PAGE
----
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  wild people: Ley Kun

Ley Kun is an amazing woman, a fabulous Chek Jawa guide.

She is the first person I met who actually keeps a nature sketch book with beautiful renditions of the creatures we see on Chek Jawa. She came quietly among us, gently enthusing about Chek Jawa.

Then I discovered she has a full family life with kids AND a huge full-time job which has her travelling extensively. It still boggles my mind how she manages it.

But she insists guiding at Chek Jawa keeps her sane. She even rushes straight in from the airport just to guide, and I suspect she even arranges her travelling schedule around the public guiding dates...

Like the rest of the Chek Jawa guides, Ley Kun considers herself a completely ordinary Singaporean who has been enchanted by the magic of Chek Jawa. And she points out that it is not so easy to be filled with wonder nowadays. Her hope is that Chek Jawa will be spared from development for as long as possible so that other Singaporeans too, can be rejuvenated and rediscover the beauty of life.

Here is more about Ley Kun in her own words ...

How did you first get involved in working for nature in Singapore?
I am one of those ordinary Singaporeans who walked right into the magic spell of Chek Jawa.

It was at the start of my 3-month sabbatical from work in mid 2003 that I decided to spend my time visiting as many nature parks in Singapore as I could. Surfed the net and came upon the fabulous NParks website and, lo and behold, found that any ordinary person in Singapore can become a volunteer with NParks. I signed up quickly and was contacted almost immediately by Boon Sim who asked if I was interested in becoming a Chek Jawa volunteer guide. I said "Yes" without even having been to one of the public walks at CJ!

I've been hooked since.

I've always loved the outdoors. During my junior college days, my friends and I would spend a lot of our time hiking and canoeing. We went all over Singapore to 'ulu' places like Marsiling, Mandai, Bukit Timah Nature Reserve, MacRitchie, Pulau Tekong and Pulau Ubin. Such happy memories! It taught me to love and respect nature.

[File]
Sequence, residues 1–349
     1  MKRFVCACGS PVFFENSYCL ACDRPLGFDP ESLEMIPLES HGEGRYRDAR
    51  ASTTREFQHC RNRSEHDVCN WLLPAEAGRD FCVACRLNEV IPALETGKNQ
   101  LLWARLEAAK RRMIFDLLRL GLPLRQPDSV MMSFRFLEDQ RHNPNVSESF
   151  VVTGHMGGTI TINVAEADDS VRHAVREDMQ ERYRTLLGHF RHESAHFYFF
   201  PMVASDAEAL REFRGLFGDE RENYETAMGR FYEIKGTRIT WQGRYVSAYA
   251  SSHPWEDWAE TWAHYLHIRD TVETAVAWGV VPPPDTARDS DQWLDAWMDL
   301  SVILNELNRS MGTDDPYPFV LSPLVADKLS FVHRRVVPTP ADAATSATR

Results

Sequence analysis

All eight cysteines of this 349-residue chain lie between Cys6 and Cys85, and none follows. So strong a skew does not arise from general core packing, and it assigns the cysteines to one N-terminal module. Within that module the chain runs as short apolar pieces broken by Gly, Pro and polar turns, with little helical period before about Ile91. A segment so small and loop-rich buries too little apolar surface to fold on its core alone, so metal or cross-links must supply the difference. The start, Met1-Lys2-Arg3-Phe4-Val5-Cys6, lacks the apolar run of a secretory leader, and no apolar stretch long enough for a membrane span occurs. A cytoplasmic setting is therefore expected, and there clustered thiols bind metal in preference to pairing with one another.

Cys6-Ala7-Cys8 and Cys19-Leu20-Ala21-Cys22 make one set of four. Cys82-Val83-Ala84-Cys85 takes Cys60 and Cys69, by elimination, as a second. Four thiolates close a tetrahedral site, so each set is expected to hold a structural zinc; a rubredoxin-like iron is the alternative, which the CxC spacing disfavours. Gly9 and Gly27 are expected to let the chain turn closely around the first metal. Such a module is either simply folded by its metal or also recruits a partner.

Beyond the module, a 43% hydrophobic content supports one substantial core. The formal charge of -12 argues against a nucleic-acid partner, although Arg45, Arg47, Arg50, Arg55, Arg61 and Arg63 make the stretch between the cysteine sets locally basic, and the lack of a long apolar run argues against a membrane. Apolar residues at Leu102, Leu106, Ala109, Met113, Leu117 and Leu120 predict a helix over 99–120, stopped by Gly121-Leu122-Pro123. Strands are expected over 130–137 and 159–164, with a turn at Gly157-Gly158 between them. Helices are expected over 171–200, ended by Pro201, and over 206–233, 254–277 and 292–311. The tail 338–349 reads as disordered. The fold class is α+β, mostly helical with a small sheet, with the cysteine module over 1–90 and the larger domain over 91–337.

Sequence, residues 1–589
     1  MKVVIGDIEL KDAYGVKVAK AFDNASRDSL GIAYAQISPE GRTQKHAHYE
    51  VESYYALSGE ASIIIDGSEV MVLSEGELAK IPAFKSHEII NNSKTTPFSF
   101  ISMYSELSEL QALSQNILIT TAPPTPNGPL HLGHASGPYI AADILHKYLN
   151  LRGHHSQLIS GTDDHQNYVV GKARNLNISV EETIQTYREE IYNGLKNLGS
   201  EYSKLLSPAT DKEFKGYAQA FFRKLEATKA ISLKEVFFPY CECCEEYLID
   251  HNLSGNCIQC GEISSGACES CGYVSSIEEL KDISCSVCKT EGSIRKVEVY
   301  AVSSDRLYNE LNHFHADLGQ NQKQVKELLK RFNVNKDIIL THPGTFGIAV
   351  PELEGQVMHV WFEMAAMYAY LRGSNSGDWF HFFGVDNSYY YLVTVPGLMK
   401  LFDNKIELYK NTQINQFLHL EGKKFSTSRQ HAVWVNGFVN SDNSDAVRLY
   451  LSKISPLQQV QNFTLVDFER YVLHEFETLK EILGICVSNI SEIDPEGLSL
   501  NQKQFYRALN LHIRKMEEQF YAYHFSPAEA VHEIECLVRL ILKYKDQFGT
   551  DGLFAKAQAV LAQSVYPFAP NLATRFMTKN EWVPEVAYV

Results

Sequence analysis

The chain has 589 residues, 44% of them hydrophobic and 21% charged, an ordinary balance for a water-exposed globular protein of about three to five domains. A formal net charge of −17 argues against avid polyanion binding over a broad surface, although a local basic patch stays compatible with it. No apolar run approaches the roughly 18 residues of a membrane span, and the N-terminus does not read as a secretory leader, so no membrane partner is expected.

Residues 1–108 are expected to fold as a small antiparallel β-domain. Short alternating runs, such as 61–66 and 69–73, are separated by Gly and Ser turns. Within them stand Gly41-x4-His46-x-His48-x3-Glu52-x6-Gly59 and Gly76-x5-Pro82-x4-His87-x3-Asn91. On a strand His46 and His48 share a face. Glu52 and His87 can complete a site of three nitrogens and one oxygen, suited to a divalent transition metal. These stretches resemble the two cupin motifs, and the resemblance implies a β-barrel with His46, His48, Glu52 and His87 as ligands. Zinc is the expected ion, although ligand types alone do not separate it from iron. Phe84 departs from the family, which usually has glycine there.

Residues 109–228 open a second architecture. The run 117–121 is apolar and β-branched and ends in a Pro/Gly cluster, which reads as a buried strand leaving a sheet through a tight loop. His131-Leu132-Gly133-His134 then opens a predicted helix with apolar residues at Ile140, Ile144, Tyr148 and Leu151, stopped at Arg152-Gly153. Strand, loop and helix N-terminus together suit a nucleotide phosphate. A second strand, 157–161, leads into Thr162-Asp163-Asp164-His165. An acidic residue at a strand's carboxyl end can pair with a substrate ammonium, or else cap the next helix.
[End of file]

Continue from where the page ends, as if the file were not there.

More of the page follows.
Active outdoor life continued in university, but after that it was downhill all the way. Got caught up with the norms of city life like building a career, getting married, raising children, looking after aged parents.

What do you get out of working for nature?
A lot. There is a sense of peace when I am in a nature setting. It's remarkable. People around me often notice the happy glow on my face after each CJ trip.

Guiding has also introduced a completely new dimension to my life. I have learnt so much this past year and excited by the realization that there is so much more to learn.

What is your approach/personal motto in your work?
In particular I enjoy taking school kids on the CJ public walks. It is heart-warming to see the thrill on their faces when they see the carpet anemones at Chek Jawa for the first time.

However after leading so many school groups on CJ trips, my worst fears about Singapore kids are confirmed. Many are out of touch with nature. To me, it is ok if they do not recognize the animals but what saddens me most is to see them so fearful of even harmless common creatures like sea stars and hermit crabs.

With our gentle encouragement, many will gradually explore and be filled with a sense of wonder. Kids are the future. We need to spend time to teach them, to nurture their love and respect for plants and animals.

Doing nature volunteer work is my small contribution to Singapore as well as to Mother Earth. I believe that this generation of human beings consume too much of Earth's resources. I guess a lot of it has got to do with our way of life, and the lack of awareness that there is very little left in world in terms of oil, metals, minerals, wildlife, forests, water and even oxygen. Our rate of consumption is definitely not sustainable. Pity the generations living after us.

What are some of your current projects?
Being a volunteer guide at Chek Jawa is my main project right now. When I find more free time, I hope to get involved in more nature projects.

Ley Kun is forty-something, married and has 2 teenage sons. Her day job is as a project manager working with dealing room technology for banks.
Posted by otterman Posted on 10/08/04 10:40
I feel nature sites in Singapore have hope with people like Ley Kun finding time to sow seeeds of appreciation - and while juggling work, familiy and guiding - wow!

More on how YOU can make a difference too...

these blog entries were first uploaded on MoBlog Singapore! Celebrate Singapore NDP 04
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